Walking the line of fire: violence, society, and the war for the Kentucky and Trans-Appalachian Frontier, 1774-1795

  • Darren Reid

    Student thesis: Doctoral ThesisDoctor of Philosophy

    Abstract

    One of the most understudied frontiers, the Kentucky frontier was also one of the most violent. For twenty years this region was affected by a bloody war that came to involve the new settler population, numerous Indian tribes, the British, and the American government. More than a border war, the battle for Kentucky and the trans-Appalachian west came to define the communities which grew up in its midst, altering world views, attitudes, and compounding prejudices. It is the purpose of this thesis to accomplish two goals: first, this work will tackle the lack of recent scholarship on this region by providing a detailed history of the Kentucky frontier during the American Revolution and its subsequent period. The second goal of this thesis is to study, analyse and understand how the violence generated by the war with the Indians helped to shape settler society. By thinking of violence not purely as the result of other, more potent social forces – racism, economic fears, competition for land – it is possible to study and understand its formative impact upon early American society. From the short term development of vendetta fuelled warfare to the long term impact this war had upon relations between white and Native America, the war for the trans-Appalachian west saw violence taking on a particularly important, particularly formative role.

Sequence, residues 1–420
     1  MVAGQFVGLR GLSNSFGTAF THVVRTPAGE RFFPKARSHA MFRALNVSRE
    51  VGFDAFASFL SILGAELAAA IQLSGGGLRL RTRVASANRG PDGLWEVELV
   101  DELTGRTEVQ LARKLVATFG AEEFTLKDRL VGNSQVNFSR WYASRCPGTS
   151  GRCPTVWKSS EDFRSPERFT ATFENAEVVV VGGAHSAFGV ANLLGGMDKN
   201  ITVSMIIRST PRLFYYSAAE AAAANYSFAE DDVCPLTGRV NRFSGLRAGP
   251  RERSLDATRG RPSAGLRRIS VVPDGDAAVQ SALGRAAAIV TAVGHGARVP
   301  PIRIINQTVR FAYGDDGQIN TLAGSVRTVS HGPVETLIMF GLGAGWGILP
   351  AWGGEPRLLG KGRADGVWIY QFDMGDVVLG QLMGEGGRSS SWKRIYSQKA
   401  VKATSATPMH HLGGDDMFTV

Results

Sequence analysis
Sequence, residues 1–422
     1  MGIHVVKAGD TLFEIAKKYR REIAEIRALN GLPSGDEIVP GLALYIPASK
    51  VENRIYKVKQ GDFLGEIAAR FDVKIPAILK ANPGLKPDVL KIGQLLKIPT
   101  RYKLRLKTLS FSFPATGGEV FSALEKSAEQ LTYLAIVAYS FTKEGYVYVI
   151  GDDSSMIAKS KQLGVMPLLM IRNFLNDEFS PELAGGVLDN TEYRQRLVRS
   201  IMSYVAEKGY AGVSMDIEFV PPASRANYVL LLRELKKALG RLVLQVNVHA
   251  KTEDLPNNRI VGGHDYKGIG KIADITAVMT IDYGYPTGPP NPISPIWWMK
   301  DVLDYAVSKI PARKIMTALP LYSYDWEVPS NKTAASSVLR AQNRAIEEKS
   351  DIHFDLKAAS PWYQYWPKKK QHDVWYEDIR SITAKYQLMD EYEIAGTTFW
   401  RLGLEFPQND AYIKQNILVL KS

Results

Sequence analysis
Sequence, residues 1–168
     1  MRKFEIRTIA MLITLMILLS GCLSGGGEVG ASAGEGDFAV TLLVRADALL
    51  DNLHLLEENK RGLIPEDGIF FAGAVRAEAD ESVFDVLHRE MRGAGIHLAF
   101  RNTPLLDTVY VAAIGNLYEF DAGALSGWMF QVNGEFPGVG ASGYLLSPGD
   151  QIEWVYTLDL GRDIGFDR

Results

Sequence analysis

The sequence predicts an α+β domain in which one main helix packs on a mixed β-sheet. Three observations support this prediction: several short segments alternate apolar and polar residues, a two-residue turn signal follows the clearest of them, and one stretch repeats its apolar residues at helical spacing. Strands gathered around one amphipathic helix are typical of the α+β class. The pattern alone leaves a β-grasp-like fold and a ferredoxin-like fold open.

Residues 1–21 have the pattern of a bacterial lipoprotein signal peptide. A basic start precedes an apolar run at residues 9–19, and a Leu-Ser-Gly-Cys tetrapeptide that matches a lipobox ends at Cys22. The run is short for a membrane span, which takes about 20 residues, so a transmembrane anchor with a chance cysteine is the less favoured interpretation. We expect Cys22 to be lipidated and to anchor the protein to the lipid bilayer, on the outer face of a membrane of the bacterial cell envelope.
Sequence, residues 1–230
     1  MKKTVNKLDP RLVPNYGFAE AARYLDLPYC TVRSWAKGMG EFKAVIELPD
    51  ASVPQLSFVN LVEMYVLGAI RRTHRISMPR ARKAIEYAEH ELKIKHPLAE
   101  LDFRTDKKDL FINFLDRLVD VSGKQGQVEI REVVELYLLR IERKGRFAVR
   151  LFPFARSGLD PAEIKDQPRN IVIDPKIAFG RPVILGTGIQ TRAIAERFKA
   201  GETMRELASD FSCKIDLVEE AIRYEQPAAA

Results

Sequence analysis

Date of Award2011
    Original languageEnglish
    Awarding Institution
    • University of Dundee
    SponsorsArts and Humanities Research Council
    SupervisorMatthew Ward (Supervisor)

    Keywords

    • History
    • America
    • Early
    • Revolution
    • Frontier
    • Kentucky
    • Ohio
    • Native
    • American
    • Violence
    • Family

    Cite this

    Walking the line of fire: violence, society, and the war for the Kentucky and Trans-Appalachian Frontier, 1774-1795
    Reid, D. (Author). 2011

    Student thesis: Doctoral ThesisDoctor of Philosophy